The penitent thief (a Jew) and the confessing centurion (a gentile) both recognised the truth, and indeed the understatement, of the words on Pilate’s sign intended to mock Jesus: “King of the Jews”. The true King welcomed them, one at the point of physical death, and the other in a radically restored life, purpose and hope. The one, cursed and shamed by the world for crimes he acknowledged, yet received by Jesus; the other, an enforcer of Roman law and follower of the imperial cult, moved and shaken by his involvement in an act of barbaric injustice, now knowing that he was in the presence of the true “Son of God”. And so he also welcomes us, whatever our past, and whatever our blindness has been towards him. He welcomes us to participate in a kingdom on earth that has not grown out of human competition or military might. He welcomes us to the very presence of the living God.
Rupert Greville is a member of the L’Arche Kent Community.
Join us on a walk in mid September. The road name Pilgrims Way appears in various places around Canterbury. This one, six or seven miles west at Chilham village carries the pilgrims’ scallop shell badge as another reminder of the ancient ways that led to Canterbury and beyond, to Rome or Compostella or even Jerusalem.
Clearly the only way from here is upwards!
The second picture, taken by the Pilgrims Way just beyond Chilham, shows the first view of Canterbury Cathedral in the distance. The discerning eye – meaning one that knows what to look for – will spot the Bell Harry tower almost dead centre behind the trees that follow the downward slope left to right.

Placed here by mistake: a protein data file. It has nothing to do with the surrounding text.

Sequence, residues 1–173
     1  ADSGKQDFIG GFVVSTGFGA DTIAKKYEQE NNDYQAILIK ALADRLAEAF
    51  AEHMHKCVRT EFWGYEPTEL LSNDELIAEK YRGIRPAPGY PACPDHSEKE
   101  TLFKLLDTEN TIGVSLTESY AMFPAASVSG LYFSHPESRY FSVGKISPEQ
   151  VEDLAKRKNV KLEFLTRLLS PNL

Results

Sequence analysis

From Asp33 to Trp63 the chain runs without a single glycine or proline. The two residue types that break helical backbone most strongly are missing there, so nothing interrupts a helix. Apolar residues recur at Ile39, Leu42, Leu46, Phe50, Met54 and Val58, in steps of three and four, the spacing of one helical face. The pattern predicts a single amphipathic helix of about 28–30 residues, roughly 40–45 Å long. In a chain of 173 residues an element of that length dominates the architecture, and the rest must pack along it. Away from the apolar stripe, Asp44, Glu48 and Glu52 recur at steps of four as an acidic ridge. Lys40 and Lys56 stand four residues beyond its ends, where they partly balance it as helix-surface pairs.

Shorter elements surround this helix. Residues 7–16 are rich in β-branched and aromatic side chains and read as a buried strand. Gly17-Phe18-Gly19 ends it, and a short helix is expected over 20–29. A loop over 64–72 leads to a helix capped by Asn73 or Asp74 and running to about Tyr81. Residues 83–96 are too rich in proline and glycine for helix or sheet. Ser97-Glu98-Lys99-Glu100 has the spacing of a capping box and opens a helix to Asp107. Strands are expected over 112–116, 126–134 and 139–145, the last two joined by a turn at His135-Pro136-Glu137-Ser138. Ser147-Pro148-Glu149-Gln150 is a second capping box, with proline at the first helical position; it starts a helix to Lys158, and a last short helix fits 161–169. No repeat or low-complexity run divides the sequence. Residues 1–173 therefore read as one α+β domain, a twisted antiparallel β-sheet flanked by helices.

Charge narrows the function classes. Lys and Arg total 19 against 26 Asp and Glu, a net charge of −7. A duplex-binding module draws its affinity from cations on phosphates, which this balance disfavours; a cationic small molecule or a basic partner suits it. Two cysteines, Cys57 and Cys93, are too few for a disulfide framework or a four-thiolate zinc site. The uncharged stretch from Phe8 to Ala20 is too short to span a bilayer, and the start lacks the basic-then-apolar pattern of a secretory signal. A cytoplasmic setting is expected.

The sight must have put a spring in the pilgrims’ steps, and no doubt they were further encouraged by a long drink in the inn whose wall appears in the first picture. As Chesterton once said, Let a man walk ten miles steadily on a hot summer’s day along a dusty English road, and he will soon discover why beer was invented.
We walked rather less than ten miles on this occasion, but we agree with GKC!
Thank God for hospitality, wherever we find it.
Strasbourg Cathedral: the risen Christ brings Adam and Eve out of Hell to Paradise.
Is all human suffering the same suffering
– the suffering of God who is a Man?
Did he not exist before all of us?
Did he not live in the unfathomable joy
of endless, ceaseless, divine
love, so resplendent that it brought forth galaxies
of stars and blue and green planets